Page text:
TE Connectivity seeks partners for new 100G optical transceiver MSA

TE Connectivity (TE) has issued invitations to potential partners in a multisource agreement (MSA) that would target a new small form factor 100 Gigabit Ethernet optical module. The MSA would seek to create an optical transceiver with the functionality of QSFP28 in a size similar to an SFP.

TE Connectivity (TE) has issued invitations to potential partners in a multisource agreement (MSA) that would target a new small form factor 100 Gigabit Ethernet optical module. The MSA would seek to create an optical transceiver with the functionality of a QSFP28 in a size similar to an SFP.

The resultant design would provide better thermal management than both form factors, according to Nathan Tracy, technologist at TE Data Communications. Tracy added that he hoped products based on the MSA would be available at some point this year. The module design would be applicable to direct-attach copper cables, active optical cables (AOCs), and optical transceivers with MPO and LC fiber-optic connectors.

Tracy said that his company has received positive responses from a number of MSA invitees. The MSA members will collaborate on electrical connector, cage system, and module dimensions. Tracy said that TE has already done significant work along these lines, so the MSA will have a head start.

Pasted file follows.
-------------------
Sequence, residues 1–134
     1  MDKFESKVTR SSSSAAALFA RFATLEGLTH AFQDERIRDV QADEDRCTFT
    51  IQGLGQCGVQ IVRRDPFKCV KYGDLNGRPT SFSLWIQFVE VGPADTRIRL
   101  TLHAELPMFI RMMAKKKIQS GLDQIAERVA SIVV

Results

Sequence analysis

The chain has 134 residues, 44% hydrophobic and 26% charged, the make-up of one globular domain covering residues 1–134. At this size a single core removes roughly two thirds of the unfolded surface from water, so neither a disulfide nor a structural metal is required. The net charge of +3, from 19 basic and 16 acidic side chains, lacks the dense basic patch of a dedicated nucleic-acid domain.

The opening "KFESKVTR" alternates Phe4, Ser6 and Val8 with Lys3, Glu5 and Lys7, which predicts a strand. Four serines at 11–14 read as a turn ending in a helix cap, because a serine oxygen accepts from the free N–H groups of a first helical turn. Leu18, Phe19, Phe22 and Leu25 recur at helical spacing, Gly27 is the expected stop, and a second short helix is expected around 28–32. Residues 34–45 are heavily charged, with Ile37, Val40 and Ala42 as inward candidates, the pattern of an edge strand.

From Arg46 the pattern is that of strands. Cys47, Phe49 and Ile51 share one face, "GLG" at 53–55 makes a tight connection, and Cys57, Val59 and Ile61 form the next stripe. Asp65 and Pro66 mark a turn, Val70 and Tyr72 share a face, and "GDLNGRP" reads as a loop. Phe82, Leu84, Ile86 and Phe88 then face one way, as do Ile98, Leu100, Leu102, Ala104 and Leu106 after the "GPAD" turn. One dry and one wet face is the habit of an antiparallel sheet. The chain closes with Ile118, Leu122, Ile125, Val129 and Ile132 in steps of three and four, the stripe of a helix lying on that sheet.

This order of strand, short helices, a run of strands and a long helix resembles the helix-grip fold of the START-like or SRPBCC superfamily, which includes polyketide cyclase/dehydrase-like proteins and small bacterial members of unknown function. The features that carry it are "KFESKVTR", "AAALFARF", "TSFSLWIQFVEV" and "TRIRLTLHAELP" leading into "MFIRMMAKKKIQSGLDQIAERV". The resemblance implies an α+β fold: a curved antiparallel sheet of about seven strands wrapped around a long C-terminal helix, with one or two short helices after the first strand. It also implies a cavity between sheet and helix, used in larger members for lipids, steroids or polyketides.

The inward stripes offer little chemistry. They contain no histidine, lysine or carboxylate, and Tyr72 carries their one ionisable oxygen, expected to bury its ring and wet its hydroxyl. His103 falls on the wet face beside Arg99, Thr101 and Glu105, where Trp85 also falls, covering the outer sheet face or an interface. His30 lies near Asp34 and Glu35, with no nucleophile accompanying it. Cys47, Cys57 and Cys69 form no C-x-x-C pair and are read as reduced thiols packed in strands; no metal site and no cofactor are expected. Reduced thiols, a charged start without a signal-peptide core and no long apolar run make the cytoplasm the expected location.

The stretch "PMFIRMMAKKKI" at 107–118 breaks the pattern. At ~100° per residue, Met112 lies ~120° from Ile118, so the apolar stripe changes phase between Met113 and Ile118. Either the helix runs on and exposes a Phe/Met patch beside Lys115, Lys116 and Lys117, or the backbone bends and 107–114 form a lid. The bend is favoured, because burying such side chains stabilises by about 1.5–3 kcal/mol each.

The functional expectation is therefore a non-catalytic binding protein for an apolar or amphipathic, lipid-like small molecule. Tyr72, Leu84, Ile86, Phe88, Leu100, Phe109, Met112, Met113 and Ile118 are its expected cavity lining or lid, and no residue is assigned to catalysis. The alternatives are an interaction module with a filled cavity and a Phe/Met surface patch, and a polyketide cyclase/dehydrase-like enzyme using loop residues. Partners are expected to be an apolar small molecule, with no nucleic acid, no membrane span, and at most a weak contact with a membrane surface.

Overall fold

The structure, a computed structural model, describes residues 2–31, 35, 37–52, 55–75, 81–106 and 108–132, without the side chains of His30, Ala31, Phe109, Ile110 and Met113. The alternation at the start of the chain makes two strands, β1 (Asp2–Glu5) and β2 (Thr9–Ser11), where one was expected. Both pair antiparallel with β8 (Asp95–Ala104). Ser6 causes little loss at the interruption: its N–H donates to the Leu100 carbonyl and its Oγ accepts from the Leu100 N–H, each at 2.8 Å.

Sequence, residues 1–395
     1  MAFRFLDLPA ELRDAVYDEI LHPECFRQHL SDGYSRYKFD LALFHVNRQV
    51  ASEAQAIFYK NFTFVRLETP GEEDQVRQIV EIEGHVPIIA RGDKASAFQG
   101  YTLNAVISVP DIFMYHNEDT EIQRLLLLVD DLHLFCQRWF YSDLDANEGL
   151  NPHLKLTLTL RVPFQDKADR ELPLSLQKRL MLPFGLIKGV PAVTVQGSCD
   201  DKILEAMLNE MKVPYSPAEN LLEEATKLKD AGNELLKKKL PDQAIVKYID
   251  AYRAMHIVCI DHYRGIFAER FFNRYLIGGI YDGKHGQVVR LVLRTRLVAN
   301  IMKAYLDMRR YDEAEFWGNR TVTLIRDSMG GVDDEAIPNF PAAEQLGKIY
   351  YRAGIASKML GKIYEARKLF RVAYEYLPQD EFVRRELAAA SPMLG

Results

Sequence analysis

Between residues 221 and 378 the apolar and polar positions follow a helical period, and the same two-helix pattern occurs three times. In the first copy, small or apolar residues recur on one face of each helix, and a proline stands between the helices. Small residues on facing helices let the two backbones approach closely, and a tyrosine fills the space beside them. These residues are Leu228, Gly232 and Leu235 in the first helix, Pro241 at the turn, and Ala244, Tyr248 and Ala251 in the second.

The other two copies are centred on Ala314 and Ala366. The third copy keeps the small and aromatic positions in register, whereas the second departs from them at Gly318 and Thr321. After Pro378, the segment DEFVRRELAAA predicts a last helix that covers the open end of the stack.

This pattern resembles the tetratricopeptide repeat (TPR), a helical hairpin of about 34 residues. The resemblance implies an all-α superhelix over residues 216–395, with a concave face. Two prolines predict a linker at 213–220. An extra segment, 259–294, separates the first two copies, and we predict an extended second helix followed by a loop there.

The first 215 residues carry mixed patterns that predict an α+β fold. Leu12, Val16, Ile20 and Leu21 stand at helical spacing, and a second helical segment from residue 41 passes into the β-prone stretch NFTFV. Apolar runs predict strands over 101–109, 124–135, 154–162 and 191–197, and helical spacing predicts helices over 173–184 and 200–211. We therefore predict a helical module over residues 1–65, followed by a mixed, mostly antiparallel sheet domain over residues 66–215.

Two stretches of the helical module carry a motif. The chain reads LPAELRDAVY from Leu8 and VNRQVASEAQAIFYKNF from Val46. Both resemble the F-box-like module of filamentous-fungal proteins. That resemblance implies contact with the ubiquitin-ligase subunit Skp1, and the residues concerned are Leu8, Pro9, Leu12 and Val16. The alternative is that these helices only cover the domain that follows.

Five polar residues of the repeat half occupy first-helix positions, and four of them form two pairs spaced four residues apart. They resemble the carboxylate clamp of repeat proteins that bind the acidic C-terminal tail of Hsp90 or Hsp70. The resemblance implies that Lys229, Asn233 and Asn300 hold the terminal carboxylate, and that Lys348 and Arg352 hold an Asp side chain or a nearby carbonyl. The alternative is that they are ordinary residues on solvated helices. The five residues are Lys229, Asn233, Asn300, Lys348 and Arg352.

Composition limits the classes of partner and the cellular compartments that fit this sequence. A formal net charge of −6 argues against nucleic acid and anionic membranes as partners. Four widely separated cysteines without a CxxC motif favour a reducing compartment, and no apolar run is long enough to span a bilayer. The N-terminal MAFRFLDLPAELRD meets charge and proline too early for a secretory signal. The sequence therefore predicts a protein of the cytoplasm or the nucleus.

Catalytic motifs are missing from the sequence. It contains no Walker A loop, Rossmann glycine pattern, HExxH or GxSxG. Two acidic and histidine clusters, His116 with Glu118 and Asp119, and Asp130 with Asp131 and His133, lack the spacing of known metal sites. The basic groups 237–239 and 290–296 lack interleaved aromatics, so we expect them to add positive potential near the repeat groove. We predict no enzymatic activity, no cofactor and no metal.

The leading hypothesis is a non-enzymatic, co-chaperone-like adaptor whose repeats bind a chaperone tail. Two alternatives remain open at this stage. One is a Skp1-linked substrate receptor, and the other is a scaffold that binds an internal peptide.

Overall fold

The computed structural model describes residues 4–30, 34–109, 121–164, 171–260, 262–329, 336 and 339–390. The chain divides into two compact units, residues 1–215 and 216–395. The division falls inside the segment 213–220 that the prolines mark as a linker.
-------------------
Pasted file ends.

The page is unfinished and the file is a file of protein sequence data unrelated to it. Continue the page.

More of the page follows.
Potential customers also like the idea. "As the industry develops the next-generation datacenter equipment, there is value in an improved pluggable form factor that can support higher density designs and still meet high bandwidth requirements," said Brad Booth, principal network engineer of Microsoft's Global Networking Services, via a press release announcing the effort. "Thermal management becomes more of an issue as form factors get smaller, and this new MSA is an innovative step to address these design and power challenges."

The QSFP28 and the CFP4 are receiving the most current development attention for small form factor 100 Gigabit Ethernet interface requirements. However, systems developers and data center managers are expected to require even smaller devices as 100 Gigabit Ethernet becomes more ubiquitous.

For more information on optical transceivers and suppliers, visit the Lightwave Buyer's Guide.


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